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Comment #9 posted by Hope on January 29, 2007 at 10:37:25 PT
"Put people beind bars."
is a very different thing than "seeking justice". There is no justice whatsoever in putting cannabis users and patients behind bars. No justice involved in that at all. Is there any "justice" involved in what they did to Runruff? I think not!Prosecuters are about numbers and "putting people behind bars" with not even a pretense anymore of seeking justice for people.That phrase so irks and enrages me. She could have least said, "Putting criminals behind bars". Apparently, she knows the people she's talking about caging, in this case, aren't "criminals" at all. Everyone of those type of Prosecuters needs to be rooted out, revealed, and stripped of their powers to do the egregious wrongs they are doing.
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Comment #8 posted by Toker00 on January 29, 2007 at 03:21:04 PT
The War on Drug LAWS.
The War, on Drug LAWS, needs to be escalated. These Laws need to be taken out back by the People and stripped of their Hatred, Unconstitutionality and Inhumanity. These Drug Laws must then be given an Eternal sentence of condemnation and barred by a Constitutional Amendment from EVER being implemented on the plants ( or planets ) again. The DEA and the FDA must be exposed as the militant extension of the PharMerica and the Prison Industrial Complex Empires. Not only must we attack the Drug Laws, but we must attack the Drug Law Makers! We must expose these men as the Egotistical Corporatists they are! Expose their investments in these Empires and question their conflict of interests! We have got to stop being victims of these Terroristic War on Drug laws. Wage Peace on war. END CANNABIS PROHIBITION NOW!  
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Comment #7 posted by Celaya on January 28, 2007 at 11:51:44 PT
To be expected from the Santa Cruz Sentinel
The Santa Cruz Sentinel ought to pack their bags and move to Oklahoma. I am constantly amazed that one of the most liberal and progressive towns in the country is journalistically ruled by this retro rag.They constantly bemoan the pot culture, even exhorting the population to abandon marijuana reform and think more like neighboring Watsonville, a relatively conservative town.If I lived in Santa Cruz, I would organize a protest group to make the Sentinel target number one.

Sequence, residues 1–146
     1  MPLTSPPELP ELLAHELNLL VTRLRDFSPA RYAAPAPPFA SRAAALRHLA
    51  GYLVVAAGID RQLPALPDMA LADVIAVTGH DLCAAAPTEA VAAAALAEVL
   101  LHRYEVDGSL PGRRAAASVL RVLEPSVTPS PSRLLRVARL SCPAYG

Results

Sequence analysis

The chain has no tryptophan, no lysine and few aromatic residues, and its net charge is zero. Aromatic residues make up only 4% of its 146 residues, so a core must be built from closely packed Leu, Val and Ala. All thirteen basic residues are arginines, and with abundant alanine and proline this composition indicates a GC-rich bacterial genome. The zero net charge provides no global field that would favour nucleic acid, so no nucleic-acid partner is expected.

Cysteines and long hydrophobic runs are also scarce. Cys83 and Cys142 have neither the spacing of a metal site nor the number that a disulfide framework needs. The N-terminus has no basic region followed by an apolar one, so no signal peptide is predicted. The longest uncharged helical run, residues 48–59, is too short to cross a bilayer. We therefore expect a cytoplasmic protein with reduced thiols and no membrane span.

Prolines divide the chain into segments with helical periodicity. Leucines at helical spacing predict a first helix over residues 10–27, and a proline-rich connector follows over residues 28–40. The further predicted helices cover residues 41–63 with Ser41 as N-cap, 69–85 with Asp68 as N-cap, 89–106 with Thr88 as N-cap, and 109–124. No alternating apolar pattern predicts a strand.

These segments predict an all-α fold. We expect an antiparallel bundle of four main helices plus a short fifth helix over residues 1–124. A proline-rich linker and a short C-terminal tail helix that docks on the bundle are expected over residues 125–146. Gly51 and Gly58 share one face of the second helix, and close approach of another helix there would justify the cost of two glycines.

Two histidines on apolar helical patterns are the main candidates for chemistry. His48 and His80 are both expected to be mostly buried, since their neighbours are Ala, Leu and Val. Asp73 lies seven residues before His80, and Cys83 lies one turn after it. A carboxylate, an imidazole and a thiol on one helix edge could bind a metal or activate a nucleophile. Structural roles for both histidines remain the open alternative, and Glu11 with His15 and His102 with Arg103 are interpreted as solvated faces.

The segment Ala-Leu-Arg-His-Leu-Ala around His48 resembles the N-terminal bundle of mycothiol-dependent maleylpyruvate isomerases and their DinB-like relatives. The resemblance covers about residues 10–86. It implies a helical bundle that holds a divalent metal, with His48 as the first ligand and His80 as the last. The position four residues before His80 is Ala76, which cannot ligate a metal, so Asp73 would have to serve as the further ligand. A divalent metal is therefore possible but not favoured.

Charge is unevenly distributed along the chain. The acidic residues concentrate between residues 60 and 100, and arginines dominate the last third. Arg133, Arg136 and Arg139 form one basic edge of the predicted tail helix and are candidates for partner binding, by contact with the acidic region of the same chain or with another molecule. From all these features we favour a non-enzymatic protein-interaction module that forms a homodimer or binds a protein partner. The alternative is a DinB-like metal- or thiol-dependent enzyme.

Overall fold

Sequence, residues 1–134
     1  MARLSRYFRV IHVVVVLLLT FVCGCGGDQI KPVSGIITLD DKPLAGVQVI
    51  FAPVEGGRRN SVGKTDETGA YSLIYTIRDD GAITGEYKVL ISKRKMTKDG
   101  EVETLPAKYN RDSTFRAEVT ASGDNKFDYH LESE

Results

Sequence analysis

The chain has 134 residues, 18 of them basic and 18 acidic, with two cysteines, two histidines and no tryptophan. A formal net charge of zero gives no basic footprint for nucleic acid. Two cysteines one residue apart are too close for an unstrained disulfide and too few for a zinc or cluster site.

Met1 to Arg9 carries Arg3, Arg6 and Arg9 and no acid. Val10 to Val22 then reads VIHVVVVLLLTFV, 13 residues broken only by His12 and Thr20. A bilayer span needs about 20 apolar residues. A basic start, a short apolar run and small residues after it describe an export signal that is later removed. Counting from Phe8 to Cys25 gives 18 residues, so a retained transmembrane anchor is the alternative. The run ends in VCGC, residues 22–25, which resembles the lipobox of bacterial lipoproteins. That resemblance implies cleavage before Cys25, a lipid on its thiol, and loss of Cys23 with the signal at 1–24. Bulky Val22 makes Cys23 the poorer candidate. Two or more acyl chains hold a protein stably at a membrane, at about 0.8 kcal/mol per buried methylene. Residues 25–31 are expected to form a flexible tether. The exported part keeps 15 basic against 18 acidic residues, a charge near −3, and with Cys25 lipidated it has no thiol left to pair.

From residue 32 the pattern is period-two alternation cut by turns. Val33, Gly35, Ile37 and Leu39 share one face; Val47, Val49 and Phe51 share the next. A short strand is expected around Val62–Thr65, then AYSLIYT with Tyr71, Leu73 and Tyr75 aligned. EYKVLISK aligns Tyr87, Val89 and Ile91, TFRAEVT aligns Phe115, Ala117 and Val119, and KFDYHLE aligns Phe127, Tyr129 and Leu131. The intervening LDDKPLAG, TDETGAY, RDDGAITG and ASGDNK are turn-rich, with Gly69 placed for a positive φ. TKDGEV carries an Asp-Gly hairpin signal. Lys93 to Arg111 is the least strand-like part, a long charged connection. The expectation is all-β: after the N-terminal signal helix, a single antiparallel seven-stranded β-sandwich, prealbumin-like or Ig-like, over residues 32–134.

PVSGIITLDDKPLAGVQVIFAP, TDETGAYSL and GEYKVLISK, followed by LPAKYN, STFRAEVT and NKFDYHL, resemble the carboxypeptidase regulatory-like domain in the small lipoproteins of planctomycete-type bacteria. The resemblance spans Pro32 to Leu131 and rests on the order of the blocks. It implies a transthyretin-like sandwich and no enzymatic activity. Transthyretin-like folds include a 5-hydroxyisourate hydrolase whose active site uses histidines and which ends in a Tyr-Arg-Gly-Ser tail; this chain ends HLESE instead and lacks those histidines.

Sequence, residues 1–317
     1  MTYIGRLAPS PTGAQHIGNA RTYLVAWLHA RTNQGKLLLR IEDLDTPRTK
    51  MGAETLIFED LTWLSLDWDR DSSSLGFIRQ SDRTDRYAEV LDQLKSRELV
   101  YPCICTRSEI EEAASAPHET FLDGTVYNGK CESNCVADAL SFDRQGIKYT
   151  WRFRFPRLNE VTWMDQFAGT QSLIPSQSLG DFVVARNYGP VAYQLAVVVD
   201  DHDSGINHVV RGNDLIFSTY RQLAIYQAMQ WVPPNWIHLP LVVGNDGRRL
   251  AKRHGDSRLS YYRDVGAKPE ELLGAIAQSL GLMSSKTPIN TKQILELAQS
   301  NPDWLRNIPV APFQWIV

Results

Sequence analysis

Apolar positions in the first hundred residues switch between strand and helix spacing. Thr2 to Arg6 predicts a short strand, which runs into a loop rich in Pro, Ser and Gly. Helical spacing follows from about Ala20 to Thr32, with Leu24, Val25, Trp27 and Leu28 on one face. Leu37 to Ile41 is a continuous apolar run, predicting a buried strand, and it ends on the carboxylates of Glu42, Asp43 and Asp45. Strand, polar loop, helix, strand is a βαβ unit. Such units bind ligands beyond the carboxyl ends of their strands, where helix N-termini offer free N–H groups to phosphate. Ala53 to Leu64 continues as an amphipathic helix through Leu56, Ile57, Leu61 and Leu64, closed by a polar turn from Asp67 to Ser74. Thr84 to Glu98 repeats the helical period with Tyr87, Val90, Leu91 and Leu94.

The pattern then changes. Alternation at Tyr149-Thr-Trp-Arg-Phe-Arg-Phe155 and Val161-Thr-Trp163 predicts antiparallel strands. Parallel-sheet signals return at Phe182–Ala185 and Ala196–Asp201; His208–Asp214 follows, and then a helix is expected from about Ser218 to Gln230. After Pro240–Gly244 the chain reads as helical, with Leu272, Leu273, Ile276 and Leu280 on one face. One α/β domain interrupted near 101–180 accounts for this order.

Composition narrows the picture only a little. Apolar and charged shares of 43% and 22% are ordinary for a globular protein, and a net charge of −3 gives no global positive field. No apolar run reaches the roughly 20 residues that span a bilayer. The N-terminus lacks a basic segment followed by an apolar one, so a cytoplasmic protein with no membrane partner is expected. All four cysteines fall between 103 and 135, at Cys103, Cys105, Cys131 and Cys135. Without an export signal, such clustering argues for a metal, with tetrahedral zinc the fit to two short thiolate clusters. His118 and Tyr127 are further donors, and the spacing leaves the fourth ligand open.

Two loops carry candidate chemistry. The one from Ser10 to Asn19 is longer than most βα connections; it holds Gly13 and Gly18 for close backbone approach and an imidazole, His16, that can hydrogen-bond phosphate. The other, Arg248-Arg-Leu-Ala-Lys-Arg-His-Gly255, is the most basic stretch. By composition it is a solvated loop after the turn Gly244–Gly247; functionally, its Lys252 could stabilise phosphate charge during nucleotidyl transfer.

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Comment #6 posted by museman on January 28, 2007 at 10:42:04 PT
reality check
"Absolutely, no question about it, some people do take advantage of the law," Some people like, doctors, lawyers, politicians, corporation ceo's, oh.... and cops.
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Comment #5 posted by Hope on January 28, 2007 at 09:53:46 PT
Prosecuters whose job is to
"Put people beind bars." are costing the "people" and the country a fortune...and the prosecuters and all those who do their bidding are low, egregious creatures, indeed.
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Comment #4 posted by Hope on January 28, 2007 at 09:51:12 PT
Stunningly stupid statement. Stunningly stupid.
"Kato, the county prosecutor, said clearer rules would make her job easier and put more people behind bars."
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Comment #3 posted by FoM on January 28, 2007 at 08:40:53 PT
Just a Thought
It seems that when our current system hits a brick wall it stays there and just keeps running into it over and over again. If they would open their eyes they would see that changing the law would solve the problem. Let people develop a cannabis related business and become business people legally. Look at Starbucks as an example of a company developing a good product. It's one that makes people high too.http://www.starbucks.com/
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Comment #2 posted by John Tyler on January 28, 2007 at 08:34:10 PT
what a shame
 ď"The medical marijuana law left a lot to be desired in terms of clarity," said Nathan Barankin, spokesman for the state Attorney General's Office. "There's more work to be done" 
Many in the legal community hope the ambiguities of the law will be sorted out in the courts. 
Several cases regarding medical marijuana are currently pending in the courts to help determine parameters for users and caregivers. 
Kato, the county prosecutor, said clearer rules would make her job easier and put more people behind bars. (Is that Katoís job to keep the jail full of cannabis users? What a jerk.) ď
Blah, Blah, Blah. What a shame. None of these brilliant people can figure this out. They are running in circles chasing their tails. Lets make it easier for them by removing cannabis prohibition all together. Regulate it and tax it like alcoholic beverages. Take the cops, the lawyers and the courts out of the equation. Once these people mentioned above understand that cannabis is good and is good for you, things will be better. Oops thatís right their jobs depend on prohibition so donít hold your breath for any changes coming soon.
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Comment #1 posted by doc james on January 28, 2007 at 07:27:12 PT
500k in cash 
thats quite a large sum of cash to have lying about it also tells me the pot wasn't schwagg. Nice job if you can get it.